Telstra is set to become the first Long Term Evolution (LTE) network operator in Australia, with plans to launch the technology publicly in all Australian capital cities and some regional centres by the end of the year.
The network will operate over the telco’s existing 1800MHz spectrum assets and will fall under the company’s Next G brand, but would not immediately replace the 3G/HSPA+ technologies currently used over the 850MHz in Australia.
Instead, Telstra is expected to continue upgrading its existing Next G network, with new HSPA+ technologies providing “4G-like” maximum downlink speeds of 84 megabits per second (Mbps).
Chief executive, David Thodey, used his keynote at Mobile World Congress in Spain this week to announce the project, which will use Ericsson over competing vendors to provide the back-end equipment.
“We see the integration of LTE technology into the Next G™ network as a way to continue to deliver high quality services and meet growing customer demand,” he said.
The telco will offer dual-mode modems (pictured) supporting both technologies by year’s end, providing similar options to current LTE deployments over carrier TeliaSonera in northern Europe.
The telco's LTE trials conducted with Ericsson last year yielded consistent speeds above 80Mbps.
Under the upgrade, Telstra will also upgrade its packet core network to suit the Internet Protocol-based LTE technology.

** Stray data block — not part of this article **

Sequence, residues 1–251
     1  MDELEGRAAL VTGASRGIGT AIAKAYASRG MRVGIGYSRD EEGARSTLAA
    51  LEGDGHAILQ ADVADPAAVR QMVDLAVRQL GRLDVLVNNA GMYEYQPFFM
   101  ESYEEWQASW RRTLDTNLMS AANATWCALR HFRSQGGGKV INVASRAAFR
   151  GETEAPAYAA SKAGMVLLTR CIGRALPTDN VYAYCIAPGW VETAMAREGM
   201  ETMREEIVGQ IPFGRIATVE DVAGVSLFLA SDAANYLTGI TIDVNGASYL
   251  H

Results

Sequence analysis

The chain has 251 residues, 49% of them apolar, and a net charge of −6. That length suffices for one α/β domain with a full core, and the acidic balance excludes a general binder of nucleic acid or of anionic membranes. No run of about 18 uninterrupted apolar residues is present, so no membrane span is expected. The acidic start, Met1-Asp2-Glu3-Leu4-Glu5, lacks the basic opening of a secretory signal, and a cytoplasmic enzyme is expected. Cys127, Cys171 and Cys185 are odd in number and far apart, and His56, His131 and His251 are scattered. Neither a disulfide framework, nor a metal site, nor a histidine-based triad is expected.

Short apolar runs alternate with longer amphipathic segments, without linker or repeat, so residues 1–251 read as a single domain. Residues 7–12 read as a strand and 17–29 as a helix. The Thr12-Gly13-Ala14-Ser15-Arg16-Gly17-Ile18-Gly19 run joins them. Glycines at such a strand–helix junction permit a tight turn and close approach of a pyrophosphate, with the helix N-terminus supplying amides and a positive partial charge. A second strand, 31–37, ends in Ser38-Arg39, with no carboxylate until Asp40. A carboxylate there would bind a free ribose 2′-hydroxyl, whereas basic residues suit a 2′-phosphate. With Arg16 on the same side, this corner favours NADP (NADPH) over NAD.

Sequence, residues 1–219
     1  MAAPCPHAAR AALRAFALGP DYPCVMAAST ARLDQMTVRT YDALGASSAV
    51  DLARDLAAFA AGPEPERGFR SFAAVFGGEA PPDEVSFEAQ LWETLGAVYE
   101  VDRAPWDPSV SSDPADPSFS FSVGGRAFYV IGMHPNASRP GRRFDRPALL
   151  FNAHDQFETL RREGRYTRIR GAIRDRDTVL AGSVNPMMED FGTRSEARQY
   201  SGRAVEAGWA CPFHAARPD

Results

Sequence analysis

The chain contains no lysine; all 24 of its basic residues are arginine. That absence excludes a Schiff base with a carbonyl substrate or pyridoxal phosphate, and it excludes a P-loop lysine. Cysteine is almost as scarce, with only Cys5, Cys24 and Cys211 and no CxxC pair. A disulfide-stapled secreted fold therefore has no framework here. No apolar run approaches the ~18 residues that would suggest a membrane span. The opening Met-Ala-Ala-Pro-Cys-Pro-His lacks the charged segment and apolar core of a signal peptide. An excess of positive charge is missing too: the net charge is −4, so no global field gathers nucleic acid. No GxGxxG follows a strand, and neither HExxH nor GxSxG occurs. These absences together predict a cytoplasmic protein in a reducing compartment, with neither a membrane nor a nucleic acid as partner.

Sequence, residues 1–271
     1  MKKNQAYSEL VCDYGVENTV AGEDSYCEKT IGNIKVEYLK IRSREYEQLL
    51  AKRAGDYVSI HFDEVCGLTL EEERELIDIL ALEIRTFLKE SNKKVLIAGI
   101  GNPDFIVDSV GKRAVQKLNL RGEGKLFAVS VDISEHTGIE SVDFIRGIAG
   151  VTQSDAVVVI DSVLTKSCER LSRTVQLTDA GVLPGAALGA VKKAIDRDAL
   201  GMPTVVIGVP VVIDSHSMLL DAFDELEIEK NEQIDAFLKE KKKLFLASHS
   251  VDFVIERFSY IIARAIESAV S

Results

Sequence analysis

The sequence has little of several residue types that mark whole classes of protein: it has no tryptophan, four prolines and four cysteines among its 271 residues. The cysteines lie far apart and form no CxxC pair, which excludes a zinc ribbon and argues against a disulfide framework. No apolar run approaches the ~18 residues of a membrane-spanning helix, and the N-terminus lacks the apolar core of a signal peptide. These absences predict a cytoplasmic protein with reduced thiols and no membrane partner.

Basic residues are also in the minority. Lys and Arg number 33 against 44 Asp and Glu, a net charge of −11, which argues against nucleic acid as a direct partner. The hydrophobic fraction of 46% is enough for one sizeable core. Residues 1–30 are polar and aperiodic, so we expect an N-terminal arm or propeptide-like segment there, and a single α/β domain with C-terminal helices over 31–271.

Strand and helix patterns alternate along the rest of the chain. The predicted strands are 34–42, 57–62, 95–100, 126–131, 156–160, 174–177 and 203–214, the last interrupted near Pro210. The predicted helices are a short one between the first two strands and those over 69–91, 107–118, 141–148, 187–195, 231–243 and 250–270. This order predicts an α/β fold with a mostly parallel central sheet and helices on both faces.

Telstra’s deal could effectively prove the death knell for future agreements with competing LTE vendors Huawei and Nokia Siemens, with whom the telco has also trialed the mobile broadband technology over differing bandwidths. While trials with Nokia Siemens have so far been isolated to the 2.6GHz spectrum - the only spectrum currently ratified for global roaming over LTE networks - Huawei trials to date have used the same 1800MHz bandwidth agreed to under the new Ericsson agreement. Huawei equipment scored a high of 150Mbps during tests last December.
Huawei continues to have strong trials with other Australian carriers including vividwireless, which has considered upgrading its existing WiMAX network with TD-LTE technologies for average bandwidth of between 40 and 70Mbps. Optus has managed downlink speeds peaking at 50Mbps downlink speeds over Huawei gear during its first Sydney-based trials.
Vendors including Ericsson have been reluctant to quote possible bandwidth speeds over LTE networks in real world use, instead spruiking the upgraded technology’s other benefits.
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